Huck's path to wellness began along her youthful journey across America. Hitch-hiking from one Alternative scene to the next, Huck was living in the moment, observing and learning all the way. Just one look at her worn and frayed travel journals and it’s enough to know that her imagination and inner voice were thriving right alongside her, neither buried nor covered up with “should do’s” and convention.
Huck did not fall upon the linear line that money and a certain set of social expectations often pave. She didn’t drink from the cup of Mainstream America and she never once sipped the proverbial corporate Kool-Aid, and for that, she remains authentic. It’s as though her imagination was never severed or, at the very least, was permitted room to roam and grow. There was never a chance that it might be lobbed off in the name of Corporate Productivity and Profit.
For Huck, there was no corporate challenge to her inner dæmon. She never expected herself to conform and therefore remained a free spirit. It comes as no surprise then that she is able to create magnificent ‘appendages’ for others. In so doing, she inadvertently manages to help them discover long lost dæmons buried deep inside. But being a "therapist" isn't at all why Huck crochets. Some sort of catharsis just happens naturally when people come in contact with her art and it isn't at all contrived. Now, that’s Interactive Art.
“As an artist, one of the most gratifying experiences is witnessing how people bring my artwork to life. People are eager to let their wild sides shine.”
When a Brooklyn photographer visited her studio with a few collaborators, they were overcome by her masks and propelled toward a moment of pure release, freedom, and let their imaginations run wild, beautiful and untethered, like the vines and overgrowth that filled the ruin where they played.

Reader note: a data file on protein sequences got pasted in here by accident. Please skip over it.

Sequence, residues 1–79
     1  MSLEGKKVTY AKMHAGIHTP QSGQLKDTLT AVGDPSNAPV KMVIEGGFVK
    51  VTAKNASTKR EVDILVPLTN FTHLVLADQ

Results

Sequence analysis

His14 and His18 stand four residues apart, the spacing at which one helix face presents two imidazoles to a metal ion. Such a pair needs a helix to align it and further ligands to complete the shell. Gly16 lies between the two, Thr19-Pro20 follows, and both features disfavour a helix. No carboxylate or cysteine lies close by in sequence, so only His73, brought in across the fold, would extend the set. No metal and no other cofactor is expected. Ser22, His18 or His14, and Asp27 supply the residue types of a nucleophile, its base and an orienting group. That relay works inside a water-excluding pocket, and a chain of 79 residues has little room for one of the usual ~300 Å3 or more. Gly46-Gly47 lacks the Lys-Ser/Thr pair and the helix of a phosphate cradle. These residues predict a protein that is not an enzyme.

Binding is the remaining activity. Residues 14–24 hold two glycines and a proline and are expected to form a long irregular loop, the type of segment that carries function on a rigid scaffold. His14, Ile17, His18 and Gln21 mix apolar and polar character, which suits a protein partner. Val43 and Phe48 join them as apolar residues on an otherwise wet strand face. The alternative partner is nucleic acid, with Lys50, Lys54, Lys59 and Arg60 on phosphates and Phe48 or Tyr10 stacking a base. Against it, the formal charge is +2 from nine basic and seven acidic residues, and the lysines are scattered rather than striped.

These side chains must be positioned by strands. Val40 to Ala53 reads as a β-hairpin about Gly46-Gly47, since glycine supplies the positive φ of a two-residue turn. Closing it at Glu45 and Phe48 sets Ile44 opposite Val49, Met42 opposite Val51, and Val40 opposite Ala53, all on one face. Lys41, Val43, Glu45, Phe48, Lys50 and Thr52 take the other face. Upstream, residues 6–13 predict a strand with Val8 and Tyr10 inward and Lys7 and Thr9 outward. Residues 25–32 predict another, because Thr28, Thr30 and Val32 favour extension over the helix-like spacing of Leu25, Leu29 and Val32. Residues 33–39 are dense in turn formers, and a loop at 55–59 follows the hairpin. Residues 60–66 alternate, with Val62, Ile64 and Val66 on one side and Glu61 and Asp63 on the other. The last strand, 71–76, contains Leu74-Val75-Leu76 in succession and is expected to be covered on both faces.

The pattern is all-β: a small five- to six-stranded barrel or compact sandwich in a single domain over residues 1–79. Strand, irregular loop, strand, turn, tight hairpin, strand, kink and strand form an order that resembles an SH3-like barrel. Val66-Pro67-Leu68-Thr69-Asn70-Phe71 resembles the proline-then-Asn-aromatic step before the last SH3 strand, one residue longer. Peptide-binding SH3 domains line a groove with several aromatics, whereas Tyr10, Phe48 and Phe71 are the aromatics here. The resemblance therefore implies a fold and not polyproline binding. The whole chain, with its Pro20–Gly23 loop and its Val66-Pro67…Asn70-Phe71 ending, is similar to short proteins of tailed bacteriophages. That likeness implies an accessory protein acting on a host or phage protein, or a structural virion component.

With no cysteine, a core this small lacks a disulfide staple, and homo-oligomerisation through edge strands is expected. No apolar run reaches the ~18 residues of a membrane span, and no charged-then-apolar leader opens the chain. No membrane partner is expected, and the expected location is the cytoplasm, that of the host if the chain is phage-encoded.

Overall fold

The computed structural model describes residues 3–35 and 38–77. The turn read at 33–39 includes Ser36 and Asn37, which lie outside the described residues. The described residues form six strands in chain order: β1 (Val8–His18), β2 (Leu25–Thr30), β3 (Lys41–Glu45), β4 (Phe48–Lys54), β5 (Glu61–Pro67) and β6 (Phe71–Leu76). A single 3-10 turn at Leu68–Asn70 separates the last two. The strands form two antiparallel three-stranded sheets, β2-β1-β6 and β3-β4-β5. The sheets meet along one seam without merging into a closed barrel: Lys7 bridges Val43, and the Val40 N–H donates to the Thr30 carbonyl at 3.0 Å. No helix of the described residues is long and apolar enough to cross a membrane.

As one of Huck’s masks joins to a psyche, it liberates it from a world of “should do’s” and other conventions that keep us striving to be in the same box with others where we can feel “safe.” It’s nothing new, but the truth about human nature is that while we may crave “the box” that is Conformity and feeling a part of the mainstream, we are never truly safe, nor satisfied in any one box.
Masks perform many roles and allow us to transition in and out of those “life boxes,” moments of time populated by different people, different roles, different expectations and different outcomes. Masks can hold us back just as easily as they propel us forward. They enable us to express ourselves just as much as they help others open up to us. We all wear masks every day of our lives, but not the kind Huck makes...
Huck’s masks are deliberately playful, temporary expressions. They are the anti-thesis of the myriad invisible masks we wear throughout a life time - the ones we put on [and keep on] for our parents, for our teachers, for our siblings, friends, bosses and colleagues, lovers and spouses. Our invisible masks are at once both simple and complex, outward-inward methods of behavior, people-pleasing or displeasing measures that don't always reveal Authenticity. Huck’s masks reveal who we are when captured in a fleeting, spirited, pure moment, something that is as natural as child’s play but is not so fluid and natural for adults, whose years of wearing countless invisible masks has worn down the playful strokes turning them to self-conscious smudges.